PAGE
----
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I'm writing a report on using machine learning techniques in astrophysics. I'd like to perform 3 tasks:

  1. Generating a Hertzsprung-Russel diagram and clustering the results into the main types of stars using age, radius, absolute magnitude, luminosity and temperature.
  2. Using network analysis to cluster distant stars into the galaxies they're a part of using their distance, radial velocity, and direction. Potentially using this to find what type of galaxy it is (elliptic, irregular etc)
  3. Using time series data to classify variable stars into intrinsic vs. extrinsic, this is a long shot but I'm trying to find an application of time series analysis to use in astrophysics.

Now I've used the GAIA database for the first, but as a data scientist with minimal knowledge of astrophysics I'm finding it quite hard to understand the columns and what they represent. If there's an introductory database, preferably with as many stars as possible for a Hertzsprung-Russel diagram along with their a label on which type of star, another database of distant stars, along with a label on the galaxies (doesn't have to have many different galaxies just 3+) and a small sample for the last point, if you could point me in that direction it would be much appreciated. Also if you have any advice for resources I can use for computational astrophysics it would also help a lot.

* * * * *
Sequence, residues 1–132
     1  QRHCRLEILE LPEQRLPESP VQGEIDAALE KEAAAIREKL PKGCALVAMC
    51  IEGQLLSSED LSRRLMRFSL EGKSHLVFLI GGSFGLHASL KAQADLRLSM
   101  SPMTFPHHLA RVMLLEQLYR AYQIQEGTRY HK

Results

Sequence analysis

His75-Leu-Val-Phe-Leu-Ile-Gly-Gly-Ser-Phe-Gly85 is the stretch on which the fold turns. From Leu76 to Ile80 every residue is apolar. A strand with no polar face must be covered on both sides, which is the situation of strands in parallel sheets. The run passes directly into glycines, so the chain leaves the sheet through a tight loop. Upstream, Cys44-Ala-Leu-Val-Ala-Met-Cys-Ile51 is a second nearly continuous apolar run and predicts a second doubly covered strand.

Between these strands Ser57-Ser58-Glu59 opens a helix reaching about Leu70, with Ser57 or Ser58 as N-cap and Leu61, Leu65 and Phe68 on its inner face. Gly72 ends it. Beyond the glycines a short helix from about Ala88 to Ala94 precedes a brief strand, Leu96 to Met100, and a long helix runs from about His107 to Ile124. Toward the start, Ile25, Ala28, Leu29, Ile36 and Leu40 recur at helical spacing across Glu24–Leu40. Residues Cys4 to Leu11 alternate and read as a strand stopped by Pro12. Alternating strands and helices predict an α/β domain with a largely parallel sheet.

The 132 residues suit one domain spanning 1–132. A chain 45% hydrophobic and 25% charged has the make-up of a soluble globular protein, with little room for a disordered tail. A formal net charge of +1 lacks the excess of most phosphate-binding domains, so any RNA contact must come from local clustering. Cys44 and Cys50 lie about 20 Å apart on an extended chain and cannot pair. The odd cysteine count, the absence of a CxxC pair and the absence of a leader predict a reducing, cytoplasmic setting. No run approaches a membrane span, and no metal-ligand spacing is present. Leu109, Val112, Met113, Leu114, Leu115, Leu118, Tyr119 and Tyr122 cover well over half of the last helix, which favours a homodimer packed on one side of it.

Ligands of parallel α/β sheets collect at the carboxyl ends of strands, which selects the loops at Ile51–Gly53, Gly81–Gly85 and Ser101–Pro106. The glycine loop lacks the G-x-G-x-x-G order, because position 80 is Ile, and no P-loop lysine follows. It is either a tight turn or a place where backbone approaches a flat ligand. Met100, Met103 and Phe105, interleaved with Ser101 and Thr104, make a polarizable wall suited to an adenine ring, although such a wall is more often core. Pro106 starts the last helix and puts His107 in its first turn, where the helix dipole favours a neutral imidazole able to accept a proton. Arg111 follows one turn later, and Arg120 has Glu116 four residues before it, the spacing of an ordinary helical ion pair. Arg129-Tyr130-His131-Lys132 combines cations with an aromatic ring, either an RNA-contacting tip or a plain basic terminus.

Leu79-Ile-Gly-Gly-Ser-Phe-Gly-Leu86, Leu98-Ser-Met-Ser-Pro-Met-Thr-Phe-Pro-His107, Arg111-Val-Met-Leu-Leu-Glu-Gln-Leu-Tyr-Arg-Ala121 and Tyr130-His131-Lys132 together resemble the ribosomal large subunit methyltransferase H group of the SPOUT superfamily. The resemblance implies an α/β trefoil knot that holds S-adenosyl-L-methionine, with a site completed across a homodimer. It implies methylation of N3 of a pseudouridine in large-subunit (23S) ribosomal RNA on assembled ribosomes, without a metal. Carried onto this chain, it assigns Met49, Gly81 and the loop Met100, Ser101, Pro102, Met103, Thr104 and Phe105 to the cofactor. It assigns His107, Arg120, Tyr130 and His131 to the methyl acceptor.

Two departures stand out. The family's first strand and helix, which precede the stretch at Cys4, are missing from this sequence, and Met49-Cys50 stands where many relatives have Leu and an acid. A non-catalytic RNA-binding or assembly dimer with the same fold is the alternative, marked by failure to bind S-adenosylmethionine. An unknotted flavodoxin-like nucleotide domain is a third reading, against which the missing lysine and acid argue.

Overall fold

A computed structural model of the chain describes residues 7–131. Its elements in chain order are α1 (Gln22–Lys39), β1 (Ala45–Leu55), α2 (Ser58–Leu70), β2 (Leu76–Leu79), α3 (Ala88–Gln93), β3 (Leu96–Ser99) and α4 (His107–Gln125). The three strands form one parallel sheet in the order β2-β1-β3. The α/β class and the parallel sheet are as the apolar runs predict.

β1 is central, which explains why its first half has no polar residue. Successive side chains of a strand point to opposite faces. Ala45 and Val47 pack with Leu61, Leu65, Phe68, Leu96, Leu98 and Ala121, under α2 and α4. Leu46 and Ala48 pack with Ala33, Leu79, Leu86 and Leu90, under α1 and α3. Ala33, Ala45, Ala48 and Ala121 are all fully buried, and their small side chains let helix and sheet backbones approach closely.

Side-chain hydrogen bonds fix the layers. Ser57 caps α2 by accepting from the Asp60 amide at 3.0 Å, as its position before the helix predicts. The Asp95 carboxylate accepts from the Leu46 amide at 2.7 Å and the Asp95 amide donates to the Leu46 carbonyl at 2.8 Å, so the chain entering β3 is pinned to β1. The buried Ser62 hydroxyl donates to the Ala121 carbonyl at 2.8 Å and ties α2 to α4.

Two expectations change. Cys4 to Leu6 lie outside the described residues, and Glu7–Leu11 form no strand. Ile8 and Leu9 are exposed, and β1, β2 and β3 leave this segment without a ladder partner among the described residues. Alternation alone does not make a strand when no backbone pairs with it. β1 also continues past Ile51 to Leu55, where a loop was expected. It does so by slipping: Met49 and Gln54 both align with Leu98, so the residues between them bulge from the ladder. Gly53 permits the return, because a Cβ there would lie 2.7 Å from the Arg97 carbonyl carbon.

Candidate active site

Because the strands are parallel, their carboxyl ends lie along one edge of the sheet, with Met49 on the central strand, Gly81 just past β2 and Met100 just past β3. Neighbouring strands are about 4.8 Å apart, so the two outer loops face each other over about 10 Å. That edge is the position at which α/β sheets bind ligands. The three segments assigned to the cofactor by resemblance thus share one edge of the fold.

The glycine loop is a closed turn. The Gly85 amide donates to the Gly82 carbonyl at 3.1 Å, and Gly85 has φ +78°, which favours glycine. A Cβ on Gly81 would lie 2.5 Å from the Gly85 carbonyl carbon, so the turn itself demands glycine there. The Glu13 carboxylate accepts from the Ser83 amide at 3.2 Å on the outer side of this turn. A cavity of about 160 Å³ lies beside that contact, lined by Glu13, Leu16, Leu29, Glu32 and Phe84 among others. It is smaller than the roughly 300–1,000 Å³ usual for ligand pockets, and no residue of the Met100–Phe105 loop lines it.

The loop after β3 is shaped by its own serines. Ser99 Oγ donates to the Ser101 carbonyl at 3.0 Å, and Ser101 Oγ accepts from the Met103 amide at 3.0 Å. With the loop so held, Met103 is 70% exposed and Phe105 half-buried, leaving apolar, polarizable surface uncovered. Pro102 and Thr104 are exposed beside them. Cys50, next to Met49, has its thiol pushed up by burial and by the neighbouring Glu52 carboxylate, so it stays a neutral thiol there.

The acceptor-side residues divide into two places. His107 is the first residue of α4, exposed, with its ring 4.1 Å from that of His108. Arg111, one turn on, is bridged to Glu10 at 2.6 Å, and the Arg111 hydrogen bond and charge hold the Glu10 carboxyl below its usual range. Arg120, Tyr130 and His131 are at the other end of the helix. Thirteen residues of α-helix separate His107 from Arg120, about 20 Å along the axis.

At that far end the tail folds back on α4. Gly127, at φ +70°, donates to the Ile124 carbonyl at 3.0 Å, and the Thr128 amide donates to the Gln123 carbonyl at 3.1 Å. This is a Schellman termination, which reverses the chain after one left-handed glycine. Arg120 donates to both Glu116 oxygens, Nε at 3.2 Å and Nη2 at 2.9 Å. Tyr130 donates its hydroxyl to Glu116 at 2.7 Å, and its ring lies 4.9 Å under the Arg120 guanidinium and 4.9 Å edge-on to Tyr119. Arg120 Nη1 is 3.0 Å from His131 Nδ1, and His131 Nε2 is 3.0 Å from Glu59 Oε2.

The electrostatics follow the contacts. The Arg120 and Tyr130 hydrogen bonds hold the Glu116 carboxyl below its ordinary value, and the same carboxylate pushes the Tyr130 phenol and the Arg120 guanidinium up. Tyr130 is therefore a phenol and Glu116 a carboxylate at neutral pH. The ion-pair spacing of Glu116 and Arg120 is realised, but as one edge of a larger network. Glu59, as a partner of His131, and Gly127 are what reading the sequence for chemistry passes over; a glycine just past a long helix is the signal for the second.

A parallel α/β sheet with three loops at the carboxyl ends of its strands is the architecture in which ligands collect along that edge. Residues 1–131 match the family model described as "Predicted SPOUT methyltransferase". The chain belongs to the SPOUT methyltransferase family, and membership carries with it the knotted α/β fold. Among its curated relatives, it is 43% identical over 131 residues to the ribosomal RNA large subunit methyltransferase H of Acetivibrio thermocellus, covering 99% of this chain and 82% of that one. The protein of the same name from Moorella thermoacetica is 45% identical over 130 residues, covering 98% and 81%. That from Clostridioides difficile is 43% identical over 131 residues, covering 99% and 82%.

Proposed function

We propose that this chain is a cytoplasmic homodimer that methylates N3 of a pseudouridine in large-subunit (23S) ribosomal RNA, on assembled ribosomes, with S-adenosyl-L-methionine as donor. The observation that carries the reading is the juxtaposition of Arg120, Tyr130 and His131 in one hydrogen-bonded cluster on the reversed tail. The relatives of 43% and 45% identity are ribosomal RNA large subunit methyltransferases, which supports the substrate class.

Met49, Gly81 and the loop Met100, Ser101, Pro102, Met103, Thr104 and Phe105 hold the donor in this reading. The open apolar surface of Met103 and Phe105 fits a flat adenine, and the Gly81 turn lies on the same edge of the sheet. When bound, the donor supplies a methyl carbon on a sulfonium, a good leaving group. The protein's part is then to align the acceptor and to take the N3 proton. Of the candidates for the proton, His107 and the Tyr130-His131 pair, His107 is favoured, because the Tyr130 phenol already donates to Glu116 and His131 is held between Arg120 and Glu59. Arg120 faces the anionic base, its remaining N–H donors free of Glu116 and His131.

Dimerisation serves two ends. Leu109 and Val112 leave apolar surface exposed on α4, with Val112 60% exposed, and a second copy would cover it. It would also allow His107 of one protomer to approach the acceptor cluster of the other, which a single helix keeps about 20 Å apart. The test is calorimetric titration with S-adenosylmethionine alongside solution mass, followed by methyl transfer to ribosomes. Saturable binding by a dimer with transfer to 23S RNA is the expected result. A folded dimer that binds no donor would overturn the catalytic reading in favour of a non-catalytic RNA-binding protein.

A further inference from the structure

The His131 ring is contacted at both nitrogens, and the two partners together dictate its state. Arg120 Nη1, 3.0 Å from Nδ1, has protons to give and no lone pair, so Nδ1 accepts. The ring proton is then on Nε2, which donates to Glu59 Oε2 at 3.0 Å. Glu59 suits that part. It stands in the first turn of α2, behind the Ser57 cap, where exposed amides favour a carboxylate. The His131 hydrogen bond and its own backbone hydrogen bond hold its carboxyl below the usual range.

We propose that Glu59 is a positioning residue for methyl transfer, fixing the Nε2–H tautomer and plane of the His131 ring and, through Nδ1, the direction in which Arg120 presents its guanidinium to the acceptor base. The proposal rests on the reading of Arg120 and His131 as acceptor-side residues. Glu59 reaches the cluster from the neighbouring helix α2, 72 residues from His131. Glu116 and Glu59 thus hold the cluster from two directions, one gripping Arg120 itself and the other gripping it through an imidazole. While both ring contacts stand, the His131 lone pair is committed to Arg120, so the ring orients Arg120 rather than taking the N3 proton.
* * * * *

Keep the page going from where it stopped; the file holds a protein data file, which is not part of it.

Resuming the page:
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    $\begingroup$ You might try the Hipparcos and Tycho catalogs. They have been around a while, and are quite popular, so there's a lot of info from people explaining different things in them. $\endgroup$ Commented Jul 20, 2022 at 15:45
  • $\begingroup$ Do any of the catalogs like Hipparcos, Tycho, and Gaia, include stars other than in one galaxy? (The Milky Way, of course.) $\endgroup$
    – JohnHoltz
    Commented Jul 20, 2022 at 23:09
  • $\begingroup$ @JohnHoltz I believe GAIA doesn't, but the vast majority are from the Milky Way. $\endgroup$ Commented Jul 21, 2022 at 17:42
  • $\begingroup$ @GregMiller I'm familiar but I'm finding it hard to find resources explaining the data sets as they're quite complex and distributed. $\endgroup$ Commented Jul 21, 2022 at 17:43

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